As we have noted in an overview a year after the start of construction, approximately 2/3 of the overall deadline for this section saw the completion of a little over 1/3 of the construction work, respectively in the remaining 1/3 of the deadline, the Contractor will have to complete 2/3 of the construction and assembly works envisaged. In addition to this delay, the intensifying landslide processes on the boundary between Lot 1 of the public procurement under our monitoring and the road section to the north (assigned in another procurement) pose additional obstacles and will delay construction for an indefinite time. Concern is caused mainly by the fact that, as of the end of the December 2020, there was still no project solution to handle the landslide or a specific plan to perform the construction and assembly works in Lot 1. The detailed observations will be covered in the next interim monitoring report which we plan to publish in the spring of 2021.


Within the ongoing activities to popularise the Integrity Pacts instrument and involve the public in the monitoring, we continued the campaign in social media. The video of the Transparency International Secretariat made an addition to our own series of posts with “thought provoking questions” about Zheleznitsa Tunnel and the appeals to share observations, concerns, and questions via Tunnel.Report.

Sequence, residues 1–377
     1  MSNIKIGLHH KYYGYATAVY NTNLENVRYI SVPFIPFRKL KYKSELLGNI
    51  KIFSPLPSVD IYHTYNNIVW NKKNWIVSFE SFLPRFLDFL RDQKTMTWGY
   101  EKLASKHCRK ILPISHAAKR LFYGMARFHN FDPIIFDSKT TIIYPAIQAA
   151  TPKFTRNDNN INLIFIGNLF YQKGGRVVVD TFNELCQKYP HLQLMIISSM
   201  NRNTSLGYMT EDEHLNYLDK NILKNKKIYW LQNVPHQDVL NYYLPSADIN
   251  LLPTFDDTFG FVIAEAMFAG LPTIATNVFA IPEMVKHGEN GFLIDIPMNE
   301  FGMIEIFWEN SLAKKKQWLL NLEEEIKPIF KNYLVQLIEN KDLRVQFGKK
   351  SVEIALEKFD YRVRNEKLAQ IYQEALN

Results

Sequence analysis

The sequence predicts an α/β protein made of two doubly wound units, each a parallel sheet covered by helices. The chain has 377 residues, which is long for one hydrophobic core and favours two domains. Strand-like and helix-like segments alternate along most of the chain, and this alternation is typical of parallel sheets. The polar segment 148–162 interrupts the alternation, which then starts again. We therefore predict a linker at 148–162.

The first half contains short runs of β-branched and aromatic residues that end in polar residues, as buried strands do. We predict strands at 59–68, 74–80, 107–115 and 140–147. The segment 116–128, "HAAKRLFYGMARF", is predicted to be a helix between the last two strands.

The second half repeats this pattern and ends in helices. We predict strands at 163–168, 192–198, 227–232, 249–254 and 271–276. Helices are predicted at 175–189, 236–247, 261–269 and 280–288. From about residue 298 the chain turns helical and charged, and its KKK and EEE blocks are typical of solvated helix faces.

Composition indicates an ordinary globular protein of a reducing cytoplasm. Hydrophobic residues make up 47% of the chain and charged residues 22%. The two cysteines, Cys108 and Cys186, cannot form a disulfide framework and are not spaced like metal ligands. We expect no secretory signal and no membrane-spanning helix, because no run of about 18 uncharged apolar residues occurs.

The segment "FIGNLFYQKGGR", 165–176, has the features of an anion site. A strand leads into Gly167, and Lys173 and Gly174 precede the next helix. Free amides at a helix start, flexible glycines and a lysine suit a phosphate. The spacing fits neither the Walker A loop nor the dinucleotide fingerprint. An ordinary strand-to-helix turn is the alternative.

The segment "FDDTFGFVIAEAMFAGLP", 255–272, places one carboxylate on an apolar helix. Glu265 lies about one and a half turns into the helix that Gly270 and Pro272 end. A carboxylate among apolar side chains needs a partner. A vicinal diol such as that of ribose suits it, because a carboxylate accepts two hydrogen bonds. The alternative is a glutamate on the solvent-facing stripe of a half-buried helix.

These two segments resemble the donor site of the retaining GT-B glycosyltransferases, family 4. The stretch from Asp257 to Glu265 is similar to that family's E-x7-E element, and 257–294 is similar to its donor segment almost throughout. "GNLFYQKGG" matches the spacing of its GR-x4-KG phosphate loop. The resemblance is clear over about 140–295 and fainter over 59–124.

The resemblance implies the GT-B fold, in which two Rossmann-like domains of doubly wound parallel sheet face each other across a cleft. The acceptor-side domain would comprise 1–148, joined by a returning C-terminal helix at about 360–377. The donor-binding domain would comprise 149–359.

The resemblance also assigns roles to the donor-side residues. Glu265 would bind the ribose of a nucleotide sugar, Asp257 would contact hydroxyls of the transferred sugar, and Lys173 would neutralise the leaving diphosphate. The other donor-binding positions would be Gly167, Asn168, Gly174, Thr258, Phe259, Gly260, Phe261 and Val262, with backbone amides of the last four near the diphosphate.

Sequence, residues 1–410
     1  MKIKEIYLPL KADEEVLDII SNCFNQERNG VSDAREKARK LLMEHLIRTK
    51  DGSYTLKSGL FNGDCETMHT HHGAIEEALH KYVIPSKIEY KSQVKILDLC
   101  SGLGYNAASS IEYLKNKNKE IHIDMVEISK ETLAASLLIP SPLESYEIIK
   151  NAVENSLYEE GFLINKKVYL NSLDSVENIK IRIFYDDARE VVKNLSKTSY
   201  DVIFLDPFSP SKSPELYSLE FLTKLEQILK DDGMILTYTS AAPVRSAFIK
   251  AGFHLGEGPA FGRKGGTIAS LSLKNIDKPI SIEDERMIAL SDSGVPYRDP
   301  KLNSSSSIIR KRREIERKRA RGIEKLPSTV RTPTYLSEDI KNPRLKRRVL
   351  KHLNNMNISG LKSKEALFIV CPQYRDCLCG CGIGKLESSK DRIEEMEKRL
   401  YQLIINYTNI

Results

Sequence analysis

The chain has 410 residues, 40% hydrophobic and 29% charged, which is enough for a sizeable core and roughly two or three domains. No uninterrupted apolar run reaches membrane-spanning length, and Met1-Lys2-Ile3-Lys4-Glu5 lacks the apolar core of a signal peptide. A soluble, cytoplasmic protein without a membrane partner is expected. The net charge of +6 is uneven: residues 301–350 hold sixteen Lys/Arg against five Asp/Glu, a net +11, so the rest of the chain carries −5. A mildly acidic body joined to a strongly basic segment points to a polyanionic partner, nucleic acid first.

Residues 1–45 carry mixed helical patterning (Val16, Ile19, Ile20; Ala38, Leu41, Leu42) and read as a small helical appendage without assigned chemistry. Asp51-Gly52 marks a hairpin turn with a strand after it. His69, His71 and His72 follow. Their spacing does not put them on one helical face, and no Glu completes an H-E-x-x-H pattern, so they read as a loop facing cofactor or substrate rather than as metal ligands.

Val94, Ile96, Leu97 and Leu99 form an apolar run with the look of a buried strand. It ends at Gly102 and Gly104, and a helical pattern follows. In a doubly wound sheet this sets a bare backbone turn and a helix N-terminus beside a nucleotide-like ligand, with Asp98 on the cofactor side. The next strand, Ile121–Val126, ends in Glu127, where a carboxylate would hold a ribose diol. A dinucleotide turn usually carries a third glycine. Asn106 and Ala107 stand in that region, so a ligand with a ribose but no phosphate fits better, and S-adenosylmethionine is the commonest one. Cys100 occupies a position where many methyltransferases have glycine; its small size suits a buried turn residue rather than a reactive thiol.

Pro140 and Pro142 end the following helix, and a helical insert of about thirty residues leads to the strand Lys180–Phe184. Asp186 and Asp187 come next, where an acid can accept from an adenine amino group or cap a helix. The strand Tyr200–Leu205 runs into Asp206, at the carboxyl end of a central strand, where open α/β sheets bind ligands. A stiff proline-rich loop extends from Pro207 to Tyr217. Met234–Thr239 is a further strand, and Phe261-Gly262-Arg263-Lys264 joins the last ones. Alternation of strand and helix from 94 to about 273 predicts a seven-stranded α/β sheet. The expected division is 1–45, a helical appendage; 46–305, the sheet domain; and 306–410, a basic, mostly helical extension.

In November, we organised training for the media in Blagoevgrad Region.** Keynote speakers were renowned Bulgarian investigative journalists while the event itself prompted the interest of local reporters not only personally (as trainees) but also as an interesting event to be covered in the media. This proved a good opportunity to popularise the project among the local communities despite the epidemic situation in the country. In the following weeks, the epidemic situation deteriorated, and the authorities imposed yet another round of restrictions which limited the possibilities for travel. Still, we believe that the coverage of the event has had an effect which will grow ever more palpable. Our ambition is to encourage not only the media but also “ordinary” citizens to benefit from the opportunities and tools accorded by modern technology and the regulatory framework for pro-active search of information, critical thinking, and exercise of public pressure to ensure greater transparency in the use of national and EU funds.


A tool of this sort is the special platform created for the project Tunnel.Report. Via the platform we received a number of questions in relation to safety and environmental protection in the course of the construction work. The responses obtained from RIA are published on the portal so anyone can read them.


In the summer of 2020, the Public Procurement Agency held a public survey about the latest amendments to the Public Procurement Act. Transparency International Association joined the discussion with several recommendations one of which – concerning the provisions defining substantial amendments to the procurement contracts – was accepted and is already in force. The issue which the solution targets was identified in the course of the monitoring of Zheleznitsa Tunnel.


*As per information from the Contractor as of October 2020.

**The district area of construction of Zheleznitsa Tunnel.

Have you witnessed or become victim of corruption? Report your case! Call us + 359 800 11 224

Funded by the